If you never thought that Shakespeare criticism could be compulsive reading, then think again. Frank Kermode's book is a masterpiece that lives up to the justified reputation of his other works. In the wake of Harold Bloom's atrocious rubbish, it is bracing to read a study that is enriching, sensible and rooted in the reality of Shakespeare's words, rather than abstract musings and supposition. Kermode's book really does enhance appreciation and enjoyment of Shakespeare's plays, by reminding us of what it is that makes them peerless - their language and the unparalleled mastery that Shakespeare demonstrates in his technique.
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Format: Paperback Verified Purchase
This is easily the finest, most intelligent, most helpful, most gripping book about Shakespeare's plays that I have ever read. Everyone who sees or reads any of Shakespeare's later and greater dramas should read the relevant chapter of this book either immediately before or afterwards: their enjoyment and appreciation of these plays can only be massively increased. Packed with insights and beautifully written. Trenchant, scholarly and deeply intelligent yet entirely accessible. A masterpiece.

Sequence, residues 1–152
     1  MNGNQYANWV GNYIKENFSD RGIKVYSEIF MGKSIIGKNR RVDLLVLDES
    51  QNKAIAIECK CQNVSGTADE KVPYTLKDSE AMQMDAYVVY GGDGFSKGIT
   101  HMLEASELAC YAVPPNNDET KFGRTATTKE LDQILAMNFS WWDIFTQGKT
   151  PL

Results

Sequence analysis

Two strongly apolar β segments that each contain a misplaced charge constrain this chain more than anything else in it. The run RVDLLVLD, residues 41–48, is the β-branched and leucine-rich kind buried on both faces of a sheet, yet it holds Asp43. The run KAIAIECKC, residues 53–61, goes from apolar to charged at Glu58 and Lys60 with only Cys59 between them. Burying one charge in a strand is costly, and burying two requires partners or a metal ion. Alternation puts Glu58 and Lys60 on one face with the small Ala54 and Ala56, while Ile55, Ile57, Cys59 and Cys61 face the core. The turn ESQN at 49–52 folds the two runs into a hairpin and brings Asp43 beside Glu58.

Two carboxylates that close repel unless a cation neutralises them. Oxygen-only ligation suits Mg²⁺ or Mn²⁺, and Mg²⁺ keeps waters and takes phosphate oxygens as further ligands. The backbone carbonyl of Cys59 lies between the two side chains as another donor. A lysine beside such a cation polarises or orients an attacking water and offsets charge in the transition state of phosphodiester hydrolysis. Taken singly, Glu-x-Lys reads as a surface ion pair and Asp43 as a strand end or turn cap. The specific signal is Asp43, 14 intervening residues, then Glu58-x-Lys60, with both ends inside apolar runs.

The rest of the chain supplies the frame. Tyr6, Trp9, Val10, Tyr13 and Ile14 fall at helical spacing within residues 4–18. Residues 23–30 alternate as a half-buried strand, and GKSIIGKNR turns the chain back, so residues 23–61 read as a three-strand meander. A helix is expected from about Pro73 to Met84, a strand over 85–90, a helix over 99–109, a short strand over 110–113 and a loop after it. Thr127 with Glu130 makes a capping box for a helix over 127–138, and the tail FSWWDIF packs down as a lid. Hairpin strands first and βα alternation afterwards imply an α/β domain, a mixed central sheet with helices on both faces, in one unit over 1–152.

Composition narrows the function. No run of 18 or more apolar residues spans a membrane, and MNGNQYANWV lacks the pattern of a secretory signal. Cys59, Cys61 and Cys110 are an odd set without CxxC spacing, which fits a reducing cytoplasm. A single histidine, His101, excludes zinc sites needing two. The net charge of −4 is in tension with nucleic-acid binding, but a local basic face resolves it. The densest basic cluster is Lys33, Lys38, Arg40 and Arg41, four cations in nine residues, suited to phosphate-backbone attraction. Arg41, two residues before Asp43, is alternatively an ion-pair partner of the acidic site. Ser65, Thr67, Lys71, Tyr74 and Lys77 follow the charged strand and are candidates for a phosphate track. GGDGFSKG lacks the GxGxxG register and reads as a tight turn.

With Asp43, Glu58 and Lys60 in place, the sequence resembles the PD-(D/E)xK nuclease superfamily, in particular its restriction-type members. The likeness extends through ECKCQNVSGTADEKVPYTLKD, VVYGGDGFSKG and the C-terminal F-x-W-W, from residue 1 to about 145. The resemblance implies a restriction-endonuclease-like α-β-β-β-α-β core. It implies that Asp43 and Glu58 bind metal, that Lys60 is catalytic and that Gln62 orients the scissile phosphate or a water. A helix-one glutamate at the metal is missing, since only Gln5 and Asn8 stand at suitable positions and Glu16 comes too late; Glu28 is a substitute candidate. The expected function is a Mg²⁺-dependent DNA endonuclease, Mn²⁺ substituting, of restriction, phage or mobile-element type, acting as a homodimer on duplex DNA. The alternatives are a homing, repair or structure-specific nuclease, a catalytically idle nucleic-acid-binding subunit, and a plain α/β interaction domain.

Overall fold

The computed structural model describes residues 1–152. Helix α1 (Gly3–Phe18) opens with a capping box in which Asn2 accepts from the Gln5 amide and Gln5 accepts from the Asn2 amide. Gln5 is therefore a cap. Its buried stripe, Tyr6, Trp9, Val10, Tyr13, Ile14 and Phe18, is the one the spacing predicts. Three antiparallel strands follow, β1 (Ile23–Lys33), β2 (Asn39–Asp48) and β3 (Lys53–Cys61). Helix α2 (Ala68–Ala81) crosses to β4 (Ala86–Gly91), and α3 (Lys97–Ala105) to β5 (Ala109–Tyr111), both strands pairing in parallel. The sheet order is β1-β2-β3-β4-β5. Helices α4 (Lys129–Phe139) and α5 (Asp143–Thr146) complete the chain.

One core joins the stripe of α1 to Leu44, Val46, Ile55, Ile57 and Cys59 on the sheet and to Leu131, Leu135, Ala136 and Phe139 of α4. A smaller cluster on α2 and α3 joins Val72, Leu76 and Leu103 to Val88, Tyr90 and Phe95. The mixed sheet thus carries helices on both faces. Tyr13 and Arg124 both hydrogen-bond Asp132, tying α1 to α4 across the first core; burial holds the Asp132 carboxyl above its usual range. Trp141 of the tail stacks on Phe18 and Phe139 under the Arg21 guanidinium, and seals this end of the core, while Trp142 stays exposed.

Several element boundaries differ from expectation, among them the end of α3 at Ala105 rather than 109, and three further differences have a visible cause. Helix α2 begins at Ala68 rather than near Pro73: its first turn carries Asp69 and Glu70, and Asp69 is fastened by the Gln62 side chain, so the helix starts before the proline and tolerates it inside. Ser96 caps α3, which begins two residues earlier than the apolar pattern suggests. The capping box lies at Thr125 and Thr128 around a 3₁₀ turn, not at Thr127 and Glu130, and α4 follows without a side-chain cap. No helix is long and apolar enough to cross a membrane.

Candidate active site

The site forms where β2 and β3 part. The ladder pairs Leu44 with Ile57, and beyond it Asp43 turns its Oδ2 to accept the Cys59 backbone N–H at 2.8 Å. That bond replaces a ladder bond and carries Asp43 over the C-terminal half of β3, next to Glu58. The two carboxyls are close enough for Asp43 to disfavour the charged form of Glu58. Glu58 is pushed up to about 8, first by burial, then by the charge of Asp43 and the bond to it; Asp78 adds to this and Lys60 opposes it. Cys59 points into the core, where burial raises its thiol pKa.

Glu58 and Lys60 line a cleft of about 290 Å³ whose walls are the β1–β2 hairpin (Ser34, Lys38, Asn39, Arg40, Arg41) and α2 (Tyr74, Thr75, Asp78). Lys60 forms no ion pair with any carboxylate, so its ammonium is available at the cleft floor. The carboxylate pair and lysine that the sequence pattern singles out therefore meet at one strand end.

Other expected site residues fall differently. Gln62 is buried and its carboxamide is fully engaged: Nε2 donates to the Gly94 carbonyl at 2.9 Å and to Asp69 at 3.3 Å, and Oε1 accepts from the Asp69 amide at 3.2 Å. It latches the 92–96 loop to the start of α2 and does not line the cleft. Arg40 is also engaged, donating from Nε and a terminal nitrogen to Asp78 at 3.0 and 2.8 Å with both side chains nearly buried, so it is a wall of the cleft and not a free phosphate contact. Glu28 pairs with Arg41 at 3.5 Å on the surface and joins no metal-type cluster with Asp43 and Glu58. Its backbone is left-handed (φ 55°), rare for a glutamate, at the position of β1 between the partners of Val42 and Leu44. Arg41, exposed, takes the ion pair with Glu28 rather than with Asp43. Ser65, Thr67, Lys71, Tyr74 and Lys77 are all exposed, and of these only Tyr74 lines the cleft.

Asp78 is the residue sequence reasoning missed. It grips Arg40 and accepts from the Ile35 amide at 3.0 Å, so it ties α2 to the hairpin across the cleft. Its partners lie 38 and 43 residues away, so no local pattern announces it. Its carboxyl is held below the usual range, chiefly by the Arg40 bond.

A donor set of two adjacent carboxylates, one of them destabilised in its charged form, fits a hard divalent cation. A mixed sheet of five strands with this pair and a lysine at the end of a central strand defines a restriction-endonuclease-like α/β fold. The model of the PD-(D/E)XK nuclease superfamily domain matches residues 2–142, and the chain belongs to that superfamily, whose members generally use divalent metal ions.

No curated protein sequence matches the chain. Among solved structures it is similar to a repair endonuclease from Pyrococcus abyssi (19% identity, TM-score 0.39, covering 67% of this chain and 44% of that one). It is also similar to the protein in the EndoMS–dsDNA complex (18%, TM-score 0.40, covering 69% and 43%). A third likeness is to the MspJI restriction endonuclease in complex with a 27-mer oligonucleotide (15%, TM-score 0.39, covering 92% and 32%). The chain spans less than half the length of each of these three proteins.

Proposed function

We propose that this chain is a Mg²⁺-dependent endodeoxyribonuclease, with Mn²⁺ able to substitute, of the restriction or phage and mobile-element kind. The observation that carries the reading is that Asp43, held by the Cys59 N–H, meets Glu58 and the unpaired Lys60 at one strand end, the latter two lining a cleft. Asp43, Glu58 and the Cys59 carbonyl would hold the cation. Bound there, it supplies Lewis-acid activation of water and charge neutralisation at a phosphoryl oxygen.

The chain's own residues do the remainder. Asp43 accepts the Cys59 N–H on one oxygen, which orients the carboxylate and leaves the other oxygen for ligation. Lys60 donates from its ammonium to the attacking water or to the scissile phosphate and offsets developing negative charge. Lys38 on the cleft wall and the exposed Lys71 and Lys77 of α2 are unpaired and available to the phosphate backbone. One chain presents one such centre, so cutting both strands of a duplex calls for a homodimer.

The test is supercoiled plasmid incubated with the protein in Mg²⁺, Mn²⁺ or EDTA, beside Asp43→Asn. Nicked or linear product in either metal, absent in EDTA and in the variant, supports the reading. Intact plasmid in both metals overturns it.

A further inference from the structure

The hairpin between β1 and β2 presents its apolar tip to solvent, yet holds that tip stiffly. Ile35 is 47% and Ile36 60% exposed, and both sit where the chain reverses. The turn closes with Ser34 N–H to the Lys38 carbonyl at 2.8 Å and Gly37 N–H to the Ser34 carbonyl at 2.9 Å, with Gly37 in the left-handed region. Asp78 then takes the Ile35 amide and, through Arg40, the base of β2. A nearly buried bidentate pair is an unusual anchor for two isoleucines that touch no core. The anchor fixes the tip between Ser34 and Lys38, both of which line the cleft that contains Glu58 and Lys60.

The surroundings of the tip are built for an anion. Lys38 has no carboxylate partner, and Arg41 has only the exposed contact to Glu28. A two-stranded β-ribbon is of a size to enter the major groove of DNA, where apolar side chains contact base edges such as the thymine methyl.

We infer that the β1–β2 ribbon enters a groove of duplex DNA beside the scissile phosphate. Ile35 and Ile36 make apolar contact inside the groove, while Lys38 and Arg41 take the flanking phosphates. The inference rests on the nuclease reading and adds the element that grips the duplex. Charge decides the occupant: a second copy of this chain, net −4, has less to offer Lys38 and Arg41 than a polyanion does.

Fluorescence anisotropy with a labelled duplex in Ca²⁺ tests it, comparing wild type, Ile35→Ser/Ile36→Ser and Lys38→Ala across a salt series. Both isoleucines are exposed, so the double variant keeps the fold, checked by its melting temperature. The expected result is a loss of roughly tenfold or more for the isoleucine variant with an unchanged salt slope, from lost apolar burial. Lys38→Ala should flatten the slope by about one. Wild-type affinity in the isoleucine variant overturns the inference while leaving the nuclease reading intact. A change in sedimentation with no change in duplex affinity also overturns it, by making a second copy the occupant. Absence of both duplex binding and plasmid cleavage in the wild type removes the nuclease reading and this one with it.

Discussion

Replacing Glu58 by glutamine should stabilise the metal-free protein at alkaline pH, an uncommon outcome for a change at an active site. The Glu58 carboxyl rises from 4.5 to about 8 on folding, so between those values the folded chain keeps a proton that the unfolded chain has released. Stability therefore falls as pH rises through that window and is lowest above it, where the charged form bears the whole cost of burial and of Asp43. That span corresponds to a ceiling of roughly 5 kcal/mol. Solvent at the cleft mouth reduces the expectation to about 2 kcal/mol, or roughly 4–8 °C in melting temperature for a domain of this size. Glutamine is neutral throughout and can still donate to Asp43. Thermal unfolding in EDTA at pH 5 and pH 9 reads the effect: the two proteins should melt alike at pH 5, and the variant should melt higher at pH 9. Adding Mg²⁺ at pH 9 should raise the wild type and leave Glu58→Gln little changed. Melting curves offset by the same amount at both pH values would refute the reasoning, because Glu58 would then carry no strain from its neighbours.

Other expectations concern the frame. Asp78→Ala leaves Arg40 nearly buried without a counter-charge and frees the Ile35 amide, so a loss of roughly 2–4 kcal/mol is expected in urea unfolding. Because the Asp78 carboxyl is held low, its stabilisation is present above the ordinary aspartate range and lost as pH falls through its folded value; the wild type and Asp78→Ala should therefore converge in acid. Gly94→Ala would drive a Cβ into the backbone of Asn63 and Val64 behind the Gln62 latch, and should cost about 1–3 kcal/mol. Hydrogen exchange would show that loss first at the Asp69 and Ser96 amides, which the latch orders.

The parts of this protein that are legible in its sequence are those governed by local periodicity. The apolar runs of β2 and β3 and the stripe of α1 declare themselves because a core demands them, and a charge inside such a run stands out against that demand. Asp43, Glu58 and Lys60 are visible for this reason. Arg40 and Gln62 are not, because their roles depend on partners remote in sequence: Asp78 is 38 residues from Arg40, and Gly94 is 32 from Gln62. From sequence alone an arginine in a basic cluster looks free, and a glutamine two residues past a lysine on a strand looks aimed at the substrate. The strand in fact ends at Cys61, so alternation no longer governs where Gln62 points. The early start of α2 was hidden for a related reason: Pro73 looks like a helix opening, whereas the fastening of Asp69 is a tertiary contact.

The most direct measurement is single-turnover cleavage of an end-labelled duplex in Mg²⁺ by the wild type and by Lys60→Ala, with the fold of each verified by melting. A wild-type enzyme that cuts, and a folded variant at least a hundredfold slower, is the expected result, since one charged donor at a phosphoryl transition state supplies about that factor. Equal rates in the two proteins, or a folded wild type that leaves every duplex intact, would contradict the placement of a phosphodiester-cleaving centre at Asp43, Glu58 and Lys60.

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Format: Kindle Edition Verified Purchase
Frank Kermode's writing is clear, concise, and accessible. Refreshingly devoid of arid, annoying, obfuscatory jargon.